To begin with, we need to recognize that the discourse about “theopoetics” in general and particularly in relation to the interpretation of Scripture is a quite recent development arising at the intersection of theology and literary studies much like “biblical spirituality,” which arises at the intersection of biblical studies and spirituality. The interactive meeting ground of literary biblical studies, theology, and spirituality is precisely theopoetics or a theory of the spiritually transformative power of biblical texts as texts, actualized through a certain kind of reading or interpretation . . . It would probably be accurate to say that theopoetics is the literary or textual face of the wider concern with theological aesthetics as an approach to spirituality.
L. Callid Keefe-Perry
…[theopoetics is] an acceptance of cognitive uncertainty regarding the Divine, an unwillingness to attempt to unduly banish that uncertainty, and an emphasis on action and creative articulation regardless. It also suggests that when the dust has settled after things have been said and done in the name of God, the reflection and interpretation to be done ought to be grounded in dialogue and enacted with a hermeneutic of hospitality and humility, an acceptance of cognitive uncertainty regarding the Divine, an unwillingness to attempt to unduly banish that uncertainty . . .
Good theology is a kind of transgression, a kind of excess, a kind of gift. It is not a smooth systematics, a dogmatics, or a metaphysics; as a theopoetics it is a kind of writing. It is a kind of writing that invites more writing. Its narratives lead to other narratives, its metaphors encourages new metaphors, its confessions more confessions . . .
There are four theopoetic oscillations or themes:
1. Theopoetics is not theology-as-usual nor is it “not theology.” It rhythmically destabilizes the certainties of traditional theological inquiry
2. God-talk is mindful of its own edge, e.g., the unspeakable vs. the word, or between silence and language itself. Process theopoetics is the steady work of auto-deconstruction: the critique of abstractions in order to keep discourse vibrant and relevant.
3. This discourse occurs in a space between theopoetics and theopolitics. Poiesis is the making of something that previously did not exist, a creative practice. It is an action, a poem.
4 . Theopoetics is not just involved with theology-as-method, but also with the Logos of scripture. There is a multiplicity of oscillations waiting to be unleashed. Theopoetics is in one sense polyphilia: the love of and for multiplicity.
Rather than focusing on a specific marginalized community, theopoetics discourse focuses on a marginalized epistemology—the poetic. While other liberation theologies point to this epistemological marginalization, theopoetics is built around it. Its focus of energy around this singular topic is important because it illuminates the inherent blind spots of rational-only discourse. As a feminist theologian and professional artist, it is not enough for me to say that women and other marginalized voices have been silenced and oppressed in our current global imperial system, I must also insist that poetic practices and ways of knowing have also been silenced. Theopoetics as a discourse helps me to do this by connecting me to other conversations specifically dealing with this topic.
As a method of interpretation, theopoetics seeks to articulate the spiritual meaning that comes to us in, by, and through a symbolic experience. It affirms the transcendent significance of inspired texts or religious objects, and attempts to recognize that which God manifests to us in our encounter with the sacred symbol. As a form of religious thinking, theopoetics asserts the primacy of “invention” and “imaginative construction” it is particularly appropriate for considering the experience of ritual and worship.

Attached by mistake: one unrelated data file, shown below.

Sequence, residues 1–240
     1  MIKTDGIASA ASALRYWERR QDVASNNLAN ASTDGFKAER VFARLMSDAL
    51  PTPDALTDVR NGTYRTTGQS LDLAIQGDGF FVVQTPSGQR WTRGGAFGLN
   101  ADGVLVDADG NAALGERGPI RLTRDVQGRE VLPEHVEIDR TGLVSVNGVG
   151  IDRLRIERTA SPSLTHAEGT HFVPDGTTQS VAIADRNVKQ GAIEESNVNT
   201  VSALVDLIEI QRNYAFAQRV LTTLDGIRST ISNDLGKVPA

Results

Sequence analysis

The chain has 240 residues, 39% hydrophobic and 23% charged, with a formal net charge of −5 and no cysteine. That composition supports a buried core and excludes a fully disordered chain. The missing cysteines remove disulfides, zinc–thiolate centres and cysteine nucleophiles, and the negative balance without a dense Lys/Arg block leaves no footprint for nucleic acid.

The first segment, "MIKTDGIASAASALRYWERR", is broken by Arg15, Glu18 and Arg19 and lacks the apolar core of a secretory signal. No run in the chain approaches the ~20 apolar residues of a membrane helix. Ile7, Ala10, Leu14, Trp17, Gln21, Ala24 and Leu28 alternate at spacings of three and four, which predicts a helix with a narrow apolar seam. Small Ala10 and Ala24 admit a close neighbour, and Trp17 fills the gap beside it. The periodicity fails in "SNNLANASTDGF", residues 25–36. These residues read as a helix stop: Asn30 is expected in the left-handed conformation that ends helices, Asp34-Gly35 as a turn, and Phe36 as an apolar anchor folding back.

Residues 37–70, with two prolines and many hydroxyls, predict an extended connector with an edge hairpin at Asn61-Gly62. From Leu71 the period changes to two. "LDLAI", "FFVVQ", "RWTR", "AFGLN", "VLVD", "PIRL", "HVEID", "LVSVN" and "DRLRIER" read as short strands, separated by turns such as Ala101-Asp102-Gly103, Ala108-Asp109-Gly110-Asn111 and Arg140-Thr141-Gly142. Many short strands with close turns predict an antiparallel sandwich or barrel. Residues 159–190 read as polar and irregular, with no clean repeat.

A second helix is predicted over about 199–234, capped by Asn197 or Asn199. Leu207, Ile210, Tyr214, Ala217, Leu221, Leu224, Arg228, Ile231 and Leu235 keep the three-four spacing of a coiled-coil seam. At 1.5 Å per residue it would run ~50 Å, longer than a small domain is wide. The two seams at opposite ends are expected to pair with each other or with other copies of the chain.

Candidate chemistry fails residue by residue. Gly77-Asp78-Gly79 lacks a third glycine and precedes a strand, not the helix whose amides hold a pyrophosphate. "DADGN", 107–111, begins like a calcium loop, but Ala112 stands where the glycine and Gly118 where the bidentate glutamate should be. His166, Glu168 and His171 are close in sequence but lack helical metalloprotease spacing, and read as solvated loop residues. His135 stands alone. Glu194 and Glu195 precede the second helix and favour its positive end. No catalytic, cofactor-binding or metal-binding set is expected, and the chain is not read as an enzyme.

One moves into an “undefined land” in which one experiences differently, begins to think differently, and is encouraged nor just to adopt to, but to create new theological language.
Today, I think that not only can we not control this field or region in fact, but that it is of the essence of process theology to be an uncontrollable undertaking in the infinite adventure of God-talk, and consciously so, in modes that I came to name “theopoetics.”
Theopoetics sort of exists in this gap between the spiritual and the religious. It has to do with the effort to articulate what it means to seek God in the present tense, in the hazardous and precious medium of language, informed by what has come before, but not bound to formulas and doctrines.
. . . theopoetics, opens up a space for unanticipated dreaming in which the past, present, and future are re-shaped as we reorganize and even re-create our own stories and our relationships with others, the world, and the Divine. … [It] is a style of writing or a theological stance, an artful way of working with language and worldview. The theo-poet uses the occasion of the poem to creatively suggest, ambiguously hint, generously intimate in ways that create space for the reader or the public to face the unknown, engage Mystery, to dream and be transformed.
James Hill Jr.
When I use the term theopoetics to describe the black Christian experience in America, I am referring to the ability of black religious communities to imaginatively express their faith convictions through art, song, poetry, oral witness, and other embodied practices. Key to understanding the rich theopoetical tradition of black religious communities is the manner in which their theopoetic practices were used to inaugurate alternative worlds of anti-colonial, socio-political possibility; worlds that were often sequestered from them by the necropolitical forces surrounding them… Through their songs, tears, and collective imagination, the black citizens of Marion and Selma provided Americans with an ample opportunity to beat their swords into plowshares and their theological textbooks into freedom songs and, perhaps for the first time ever, play the tunes written in their collective flesh …